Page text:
I could not just accept the team's critique thus - for it didnot evaluate my notes within the objectives I enlisted to be achieved - something that was made clear much in advance. The objectives were digested back then without resistance. At the moment, all critique was outside this set framework, almost confused and misplaced. It began in questioning the method to decipher experience, then jumped to the categorization of material and content and went on to suggest employing a provocative politics. I did not understand what the real critique was - since these criticisms seem quite incoherent. What I could only crystallize thus is a certain reluctance for deploying the course I suggested in the programme.

Incidentally, as I was drafting this blogpost, Prasad dropped me a message on Whatsapp:

"Why don't you articulate a 5000 word paper on the 'critique of experience' (of space)? I think after the critique of political economy, critique of history, critique of reason.... a critique of experience needs to be written . . . I think your interest in developing an understanding of experience needs to be explored in full rigour... why don't you start with list[en]ing to lectures on Kant?"

Each of the above statements was interspersed with my sporadic responses. But in putting Prasad's messages together here, and reflecting upon them, I am compelled to think of the progression as an anticlimax. He begins in the promise that I could potentially contribute something through my own personal thoughts and investigation through a critique of experience. However, he quickly goes on to establish a crisis. By the end he mentions that my understanding "needs to be explored in full rigour" (through a reading of Kant, a philosopher he is recently obsessed with) - implying a fracture in the formulation of the history course that we discussed earlier. I still remain confused on what is expected out of the course from teachers (not students). If it was clear to them, why wouldn't they just spell it out, and if it is not, why wouldn't they allow to experiment? And if this is not how they would like me to structure this course, why don't they just ask me to focus on something that I am good at, and interested in?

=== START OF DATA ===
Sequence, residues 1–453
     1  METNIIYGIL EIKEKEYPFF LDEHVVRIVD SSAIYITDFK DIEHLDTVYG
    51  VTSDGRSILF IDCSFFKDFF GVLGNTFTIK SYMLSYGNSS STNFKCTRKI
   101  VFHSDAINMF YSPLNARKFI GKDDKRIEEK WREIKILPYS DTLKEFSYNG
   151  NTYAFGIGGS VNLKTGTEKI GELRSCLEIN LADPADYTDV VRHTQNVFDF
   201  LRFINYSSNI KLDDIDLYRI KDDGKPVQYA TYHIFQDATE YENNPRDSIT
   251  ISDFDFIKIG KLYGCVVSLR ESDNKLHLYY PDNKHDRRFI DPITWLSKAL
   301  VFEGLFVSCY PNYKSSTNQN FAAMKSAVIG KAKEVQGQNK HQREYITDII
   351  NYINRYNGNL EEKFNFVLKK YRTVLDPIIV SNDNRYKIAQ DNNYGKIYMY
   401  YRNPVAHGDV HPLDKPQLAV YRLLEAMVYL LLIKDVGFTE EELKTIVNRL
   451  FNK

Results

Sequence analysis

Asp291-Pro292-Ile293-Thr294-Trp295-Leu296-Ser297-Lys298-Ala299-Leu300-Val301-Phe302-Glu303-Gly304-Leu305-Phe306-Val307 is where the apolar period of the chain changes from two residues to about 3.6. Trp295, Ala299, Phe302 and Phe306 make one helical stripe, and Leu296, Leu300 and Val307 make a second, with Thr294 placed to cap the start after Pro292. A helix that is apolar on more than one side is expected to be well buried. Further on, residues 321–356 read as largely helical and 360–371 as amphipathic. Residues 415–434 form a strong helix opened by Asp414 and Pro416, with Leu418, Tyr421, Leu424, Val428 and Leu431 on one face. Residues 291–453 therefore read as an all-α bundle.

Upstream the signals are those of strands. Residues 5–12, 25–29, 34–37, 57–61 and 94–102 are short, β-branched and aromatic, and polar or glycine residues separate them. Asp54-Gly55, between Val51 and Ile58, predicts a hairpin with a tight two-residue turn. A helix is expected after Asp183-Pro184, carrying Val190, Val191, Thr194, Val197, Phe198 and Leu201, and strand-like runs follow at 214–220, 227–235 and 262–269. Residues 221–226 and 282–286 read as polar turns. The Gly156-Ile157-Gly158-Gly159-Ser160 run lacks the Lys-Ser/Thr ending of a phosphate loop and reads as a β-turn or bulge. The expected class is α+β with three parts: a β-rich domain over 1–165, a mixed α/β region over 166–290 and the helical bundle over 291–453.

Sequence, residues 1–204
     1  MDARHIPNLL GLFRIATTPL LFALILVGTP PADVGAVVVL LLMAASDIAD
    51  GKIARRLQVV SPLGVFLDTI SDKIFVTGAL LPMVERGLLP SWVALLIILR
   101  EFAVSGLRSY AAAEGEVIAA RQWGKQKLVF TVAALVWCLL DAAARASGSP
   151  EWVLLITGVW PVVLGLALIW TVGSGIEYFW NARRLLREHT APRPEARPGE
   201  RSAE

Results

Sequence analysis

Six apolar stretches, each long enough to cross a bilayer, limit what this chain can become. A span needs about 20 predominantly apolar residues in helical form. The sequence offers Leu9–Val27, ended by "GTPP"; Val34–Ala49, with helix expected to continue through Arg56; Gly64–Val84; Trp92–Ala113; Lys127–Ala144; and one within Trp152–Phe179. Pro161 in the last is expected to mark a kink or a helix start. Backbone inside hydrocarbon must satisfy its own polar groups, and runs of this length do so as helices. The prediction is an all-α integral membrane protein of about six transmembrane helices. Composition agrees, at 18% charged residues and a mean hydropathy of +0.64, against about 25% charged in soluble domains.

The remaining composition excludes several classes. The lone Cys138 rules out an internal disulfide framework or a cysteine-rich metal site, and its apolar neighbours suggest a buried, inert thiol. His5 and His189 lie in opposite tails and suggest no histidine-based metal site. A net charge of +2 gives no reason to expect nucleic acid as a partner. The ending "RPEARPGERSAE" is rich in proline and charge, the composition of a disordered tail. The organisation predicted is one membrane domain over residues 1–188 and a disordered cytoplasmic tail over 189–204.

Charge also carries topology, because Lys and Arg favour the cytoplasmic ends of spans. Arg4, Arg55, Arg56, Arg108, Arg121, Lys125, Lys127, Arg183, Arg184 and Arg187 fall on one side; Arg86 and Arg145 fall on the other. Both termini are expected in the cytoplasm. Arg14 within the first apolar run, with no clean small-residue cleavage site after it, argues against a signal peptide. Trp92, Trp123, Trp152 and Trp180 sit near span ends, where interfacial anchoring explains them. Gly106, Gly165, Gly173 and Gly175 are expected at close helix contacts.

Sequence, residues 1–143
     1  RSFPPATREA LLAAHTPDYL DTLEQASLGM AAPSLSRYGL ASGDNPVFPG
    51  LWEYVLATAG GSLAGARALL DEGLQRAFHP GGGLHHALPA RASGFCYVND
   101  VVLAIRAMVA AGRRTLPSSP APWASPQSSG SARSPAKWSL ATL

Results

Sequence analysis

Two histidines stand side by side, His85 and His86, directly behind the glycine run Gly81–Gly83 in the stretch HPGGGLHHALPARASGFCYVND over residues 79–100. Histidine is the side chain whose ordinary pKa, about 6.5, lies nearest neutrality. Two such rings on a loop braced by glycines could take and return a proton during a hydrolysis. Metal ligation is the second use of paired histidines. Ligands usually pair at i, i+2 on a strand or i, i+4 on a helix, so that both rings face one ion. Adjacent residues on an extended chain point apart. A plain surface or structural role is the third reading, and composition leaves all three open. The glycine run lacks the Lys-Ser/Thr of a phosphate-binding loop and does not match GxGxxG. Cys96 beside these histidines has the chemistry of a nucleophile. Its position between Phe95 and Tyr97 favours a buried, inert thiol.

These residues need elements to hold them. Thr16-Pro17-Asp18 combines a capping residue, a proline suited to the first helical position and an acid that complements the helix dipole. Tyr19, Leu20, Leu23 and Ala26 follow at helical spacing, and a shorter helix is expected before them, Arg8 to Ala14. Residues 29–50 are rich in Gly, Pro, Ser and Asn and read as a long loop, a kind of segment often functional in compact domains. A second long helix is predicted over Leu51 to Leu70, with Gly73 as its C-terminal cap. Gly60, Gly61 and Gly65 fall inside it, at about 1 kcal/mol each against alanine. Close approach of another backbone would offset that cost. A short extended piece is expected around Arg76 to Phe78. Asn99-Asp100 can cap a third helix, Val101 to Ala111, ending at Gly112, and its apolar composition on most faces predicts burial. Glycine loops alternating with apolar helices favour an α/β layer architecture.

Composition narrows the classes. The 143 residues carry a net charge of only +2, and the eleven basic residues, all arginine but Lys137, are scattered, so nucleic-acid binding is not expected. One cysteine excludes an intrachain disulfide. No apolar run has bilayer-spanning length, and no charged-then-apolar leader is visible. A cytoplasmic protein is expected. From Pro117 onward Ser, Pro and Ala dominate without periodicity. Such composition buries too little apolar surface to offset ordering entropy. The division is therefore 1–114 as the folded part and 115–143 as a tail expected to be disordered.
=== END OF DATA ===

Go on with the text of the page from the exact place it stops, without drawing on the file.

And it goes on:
Inducing constant doubts in one's abilities and expertise is a perverse way of negating ideas in academic space. Instead of freely debating, such politic makes you subservient to a hegemonic model of employing thoughts that is not even available to you, or is elusive even to those who recommend it. The random methods in which history has been deployed - as sporadic conversations, chats, or informal discussion is indeed valuable - however is an outcome of history "as smelled" - not really tasted. Can one just smell facts and ascertain what history actually tastes like? And one may argue that all what we have of history is smell. In that case, there's no point of putting down any methods of teaching. A strange unnecessary power politics that shouldn't dismiss divergent viewpoints and ideas of thinking about things constantly seems to occupy the academic space. I hope such insecurities are erased such that fresh voices and honest efforts can bloom and find a voice.